1. When “everyone” is responsible, no one is responsible. Someone needs to be held accountable and be granted the authority to effect change. Finding the right person, or people, is the key element. No one “owns” the telephone, but then, sales people don’t make calls without product training and scripts. Marketing doesn’t “own” email, but then few marketers initiate direct email campaigns without checks and balances.
2. Social media rejects commercialization. If all you do is Tweet your own stuff no one will follow you. If the only thing you blog about is your latest Webinar, few readers will subscribe. PR people inherently understand this concept: they’ve earned a living working with editorial contacts and decision makers who reject solicitations in editorial content. The category of content PR people have produced for years — the unseen media pitches and contributed articles — is well-suited for social media. In a social media world, everyone is an editor.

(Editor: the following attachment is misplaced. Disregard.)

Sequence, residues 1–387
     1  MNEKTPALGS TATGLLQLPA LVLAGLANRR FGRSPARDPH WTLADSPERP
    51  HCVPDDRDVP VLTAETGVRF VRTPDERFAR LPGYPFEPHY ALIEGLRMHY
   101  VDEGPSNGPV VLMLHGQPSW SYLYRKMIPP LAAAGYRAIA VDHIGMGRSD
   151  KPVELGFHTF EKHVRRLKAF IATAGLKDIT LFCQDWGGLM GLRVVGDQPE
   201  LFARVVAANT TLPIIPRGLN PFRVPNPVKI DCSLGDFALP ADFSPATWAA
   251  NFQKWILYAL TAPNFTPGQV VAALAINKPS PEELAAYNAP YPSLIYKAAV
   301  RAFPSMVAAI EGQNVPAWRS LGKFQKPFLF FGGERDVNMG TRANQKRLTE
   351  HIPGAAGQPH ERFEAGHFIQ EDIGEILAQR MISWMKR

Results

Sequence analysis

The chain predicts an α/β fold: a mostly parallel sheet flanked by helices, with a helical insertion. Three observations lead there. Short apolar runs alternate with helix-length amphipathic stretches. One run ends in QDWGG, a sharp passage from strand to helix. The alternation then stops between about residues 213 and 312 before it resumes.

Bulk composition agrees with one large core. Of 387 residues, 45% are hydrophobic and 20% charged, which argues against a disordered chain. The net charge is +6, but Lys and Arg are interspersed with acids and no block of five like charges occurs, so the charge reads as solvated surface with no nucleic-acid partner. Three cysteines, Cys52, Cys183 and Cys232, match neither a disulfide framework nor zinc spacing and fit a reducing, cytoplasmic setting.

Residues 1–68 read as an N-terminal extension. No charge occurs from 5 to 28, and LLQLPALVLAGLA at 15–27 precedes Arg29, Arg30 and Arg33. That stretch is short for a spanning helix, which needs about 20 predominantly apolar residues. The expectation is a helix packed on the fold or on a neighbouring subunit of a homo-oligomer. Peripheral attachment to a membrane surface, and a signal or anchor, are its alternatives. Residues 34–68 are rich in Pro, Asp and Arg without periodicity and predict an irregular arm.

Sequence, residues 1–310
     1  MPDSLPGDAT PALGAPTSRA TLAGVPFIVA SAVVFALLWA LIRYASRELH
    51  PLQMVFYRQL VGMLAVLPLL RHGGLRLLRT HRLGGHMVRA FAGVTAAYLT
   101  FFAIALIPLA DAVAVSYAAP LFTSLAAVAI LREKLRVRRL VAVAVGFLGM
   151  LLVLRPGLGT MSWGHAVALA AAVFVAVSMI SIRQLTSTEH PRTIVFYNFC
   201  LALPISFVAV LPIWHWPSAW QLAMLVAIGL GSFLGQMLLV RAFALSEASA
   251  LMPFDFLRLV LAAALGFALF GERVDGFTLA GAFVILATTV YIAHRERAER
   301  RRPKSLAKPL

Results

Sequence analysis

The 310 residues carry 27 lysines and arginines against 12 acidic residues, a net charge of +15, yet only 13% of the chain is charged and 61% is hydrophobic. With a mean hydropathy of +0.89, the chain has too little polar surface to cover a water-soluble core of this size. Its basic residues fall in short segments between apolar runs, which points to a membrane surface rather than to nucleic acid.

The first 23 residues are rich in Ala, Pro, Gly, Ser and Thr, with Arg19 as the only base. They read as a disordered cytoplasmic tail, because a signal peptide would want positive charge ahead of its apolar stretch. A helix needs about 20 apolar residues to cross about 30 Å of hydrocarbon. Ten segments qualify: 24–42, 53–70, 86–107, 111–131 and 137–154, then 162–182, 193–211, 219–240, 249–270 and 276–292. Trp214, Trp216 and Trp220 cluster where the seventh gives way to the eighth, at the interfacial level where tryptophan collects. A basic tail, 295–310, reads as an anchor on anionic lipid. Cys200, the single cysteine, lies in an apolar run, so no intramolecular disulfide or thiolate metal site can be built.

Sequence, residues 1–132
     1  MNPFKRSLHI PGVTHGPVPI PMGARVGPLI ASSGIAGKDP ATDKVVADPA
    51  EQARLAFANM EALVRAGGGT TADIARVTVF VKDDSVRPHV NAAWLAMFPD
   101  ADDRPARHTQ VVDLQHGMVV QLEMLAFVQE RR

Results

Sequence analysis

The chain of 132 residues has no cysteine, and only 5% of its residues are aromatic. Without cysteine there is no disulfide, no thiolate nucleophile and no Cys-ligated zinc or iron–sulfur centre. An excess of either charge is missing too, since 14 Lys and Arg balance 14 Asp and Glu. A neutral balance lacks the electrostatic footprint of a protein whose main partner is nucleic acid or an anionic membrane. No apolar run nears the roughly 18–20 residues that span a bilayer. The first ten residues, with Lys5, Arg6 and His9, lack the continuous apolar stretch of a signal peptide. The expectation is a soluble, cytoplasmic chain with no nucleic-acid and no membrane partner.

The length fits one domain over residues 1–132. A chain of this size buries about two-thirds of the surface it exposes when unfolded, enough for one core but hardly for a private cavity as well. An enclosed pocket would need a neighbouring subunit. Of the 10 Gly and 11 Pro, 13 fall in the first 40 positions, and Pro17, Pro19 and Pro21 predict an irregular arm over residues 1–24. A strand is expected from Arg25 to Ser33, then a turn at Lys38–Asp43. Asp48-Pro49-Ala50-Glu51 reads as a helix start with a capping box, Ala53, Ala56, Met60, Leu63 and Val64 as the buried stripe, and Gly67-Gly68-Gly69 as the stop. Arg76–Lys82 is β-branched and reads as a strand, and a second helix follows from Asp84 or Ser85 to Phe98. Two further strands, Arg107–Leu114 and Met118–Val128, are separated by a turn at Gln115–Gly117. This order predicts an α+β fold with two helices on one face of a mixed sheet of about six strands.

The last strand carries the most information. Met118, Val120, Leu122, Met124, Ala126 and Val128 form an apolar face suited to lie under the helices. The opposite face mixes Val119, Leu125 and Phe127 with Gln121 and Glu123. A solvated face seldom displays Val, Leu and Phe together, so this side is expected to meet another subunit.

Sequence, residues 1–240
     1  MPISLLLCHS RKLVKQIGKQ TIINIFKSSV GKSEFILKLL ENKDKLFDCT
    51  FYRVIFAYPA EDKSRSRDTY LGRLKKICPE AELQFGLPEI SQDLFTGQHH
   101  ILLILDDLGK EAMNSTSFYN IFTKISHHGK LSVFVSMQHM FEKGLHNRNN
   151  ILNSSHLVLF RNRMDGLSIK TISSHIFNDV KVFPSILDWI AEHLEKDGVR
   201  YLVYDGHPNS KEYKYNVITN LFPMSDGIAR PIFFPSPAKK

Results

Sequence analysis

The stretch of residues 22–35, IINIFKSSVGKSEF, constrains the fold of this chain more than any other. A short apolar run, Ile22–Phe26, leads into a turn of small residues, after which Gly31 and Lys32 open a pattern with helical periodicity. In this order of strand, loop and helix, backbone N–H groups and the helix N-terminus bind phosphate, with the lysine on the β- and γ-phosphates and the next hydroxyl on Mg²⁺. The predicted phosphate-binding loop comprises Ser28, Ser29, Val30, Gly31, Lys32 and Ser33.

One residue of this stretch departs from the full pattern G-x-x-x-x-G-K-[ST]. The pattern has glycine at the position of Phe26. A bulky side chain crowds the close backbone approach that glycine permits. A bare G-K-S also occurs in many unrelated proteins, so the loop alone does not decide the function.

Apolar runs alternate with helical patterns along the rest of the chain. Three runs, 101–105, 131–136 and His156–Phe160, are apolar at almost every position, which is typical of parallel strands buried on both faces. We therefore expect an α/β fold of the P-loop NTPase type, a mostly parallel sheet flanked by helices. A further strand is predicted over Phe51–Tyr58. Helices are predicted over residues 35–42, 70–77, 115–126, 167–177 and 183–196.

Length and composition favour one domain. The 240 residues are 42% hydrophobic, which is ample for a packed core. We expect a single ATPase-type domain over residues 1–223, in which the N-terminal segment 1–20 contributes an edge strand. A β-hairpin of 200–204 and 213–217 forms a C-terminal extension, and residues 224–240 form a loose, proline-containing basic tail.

3. PR reports (or should report) to marketing. The CMO bears the responsibility for the corporation’s reputation, brand, lead generation and shares responsibility for revenue. There are a variety of tools in the CMO tool kit and each has benefits and drawbacks: you can’t build a house with just a hammer, yet you also cannot build a house without a hammer; you will also need a saw, a screw driver and a tape measure, let alone plans, permits and architecture. PR is a special tool and the CMO’s job is to draw up the plans and ensure the right tool is used for the right job. PR is the right “tool” for social media, but ultimately, in my mind, that means if anyone “owns” social media, it’s the CMO.